5. Accountability for failing to uphold World Bank standards is also lacking. In fiscal year 2012, five projects had inspection requests filed with the Inspection Panel, the Bank’s compliance arm, with a further three cases filed in FY 2013. In one of these cases, relating to the Vishnugad Pipalkoti dam project in Northern India, Bank staff in India publicly repudiated any accountability by pre-empting Inspection Panel findings with public statements that the project would go ahead regardless of any findings of the Panel.12 This highlights a problem with the Panel’s mandate, unlike a true judicial accountability mechanism, it is not able to force Bank management to make amends for harm caused by projects.
  6. The Bank has recently faced vociferous criticism for its impact on land tenure and land rights, particularly of poor or marginalised communities. The Bank has been accused of aiding and abetting land grabs in many countries, including through a forest project in Uganda13, a palm oil project in Uganda14, rubber plantations in Cambodia/Lao15, a commercial real estate project in Cambodia16, and through foreign farm land acquisitions across Africa17 and Latin America18. The Bank’s work on the principles for Responsible Agricultural Investment has been consistently rejected by groups representing small farmers.19 While in April this year the World Bank president has accepted the need to work instead with the UN-organised Voluntary Guidelines on the Responsible Governance of Tenure of Land, Fisheries and Forests in the Context of National Food Security, no action has yet been taken on this front.
  7. The World Bank finally launched an expected review of its environmental and social safeguard policies in October 2012. Whilst the Bank committed to a robust outcome, civil society organisations have highlighted concerns that the emerging framework will replace existing safeguards with vague principles and non-mandatory ‘flexible’ implementation standards.20 Furthermore, the review only covers investment lending, but not other instruments, such as development policy lending and Program-for-Results. Bank management itself has not highlighted the implementation failures related to existing safeguards or the gaps in coverage21, but instead the time it takes for projects to navigate the project cycle, leading to worries about dilution of the already inadequate system. For example, the Bank safeguards do not include a requirement for “free, prior and informed consent” of indigenous peoples as spelled out in the UN Declaration on the Rights of Indigenous People, which the UK has endorsed.22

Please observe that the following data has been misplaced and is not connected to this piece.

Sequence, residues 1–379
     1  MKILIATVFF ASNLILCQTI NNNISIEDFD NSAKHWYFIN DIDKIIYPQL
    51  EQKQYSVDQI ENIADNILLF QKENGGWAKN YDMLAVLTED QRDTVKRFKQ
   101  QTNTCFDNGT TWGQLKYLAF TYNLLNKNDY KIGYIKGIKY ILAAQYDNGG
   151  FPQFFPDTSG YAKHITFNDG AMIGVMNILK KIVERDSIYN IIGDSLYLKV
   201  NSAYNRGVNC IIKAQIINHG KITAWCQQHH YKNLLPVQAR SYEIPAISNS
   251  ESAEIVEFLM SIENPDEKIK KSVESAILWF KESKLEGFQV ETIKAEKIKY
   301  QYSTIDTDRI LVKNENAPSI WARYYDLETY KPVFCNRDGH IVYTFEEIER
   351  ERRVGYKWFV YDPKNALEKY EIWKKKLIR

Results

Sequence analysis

8. In a number of significant ways, the Bank’s approach does not support country-led development. The Bank has somewhat reduced the use of policy conditionality, but a 2012 internal World Bank review23 of one of their policy lending instruments (development policy loans or DPLs) developing countries reported that the use of prior actions has “remained at 10 per operation”. The concerns over the use of ‘one size fits all’ conditionalities remain, restricting the pursuit of democratically chosen policies appropriate to national contexts. In the review, the Bank themselves rated only 17% of prior actions as having positive social and environmental effects.
  9. The Country Policy and Institutional Assessments that largely determine allocations to IDA countries have also been heavily criticised by developing country governments, the IEG and civil society for not effectively reflecting country ownership, need and effectiveness.24 While the Bank has increasingly recognised that the aid allocation formulas are problematic, they have moved to amend them in this year’s IDA replenishment only for countries that are considered fragile or conflict-affected.
  10. The World Bank is increasingly relying on group-wide strategies and the involvement of the private sector to deliver development results. However there is little evidence of the ability of the private sector to deliver development results. A systematic review of private participation in infrastructure, which looked specifically at a DFID and IFC supported facility25, found that “hard evidence is scarce” and that “it is difficult to measure causal relationships between infrastructure provision and development outcomes.” It found that it was “very difficult for [development finance institutions] to achieve enhanced direct poverty effects using purely commercial finance”, which is the claimed modus operandi of the IFC, and the number of projects that this could be achieved on was strictly limited.
  11. On top of this the IFC is increasingly using financial intermediaries, meaning third-party financial entities such as banks, insurance companies, leasing companies, microfinance institutions, and private equity funds. In early February the IFC’s accountability mechanism, the Compliance Advisor/Ombudsman (CAO), released an audit report that found that for this growing part of the IFC’s portfolio, now over 40 per cent of the total, the IFC conducts “no assessment of whether the [environmental and social] requirements are successful in doing no harm.” The CAO indicated that “The result of this lack of systematic measurement tools is that IFC knows very little about potential environmental or social impacts of its [financial market] lending.” The same lack of knowledge also applies to the development impacts of the financial sector lending. Despite pressure from civil society and the CAO, the IFC has refused to recognise that there is a problem with their systems for measuring results or risks from sub-clients of the IFC’s financial sector clients.26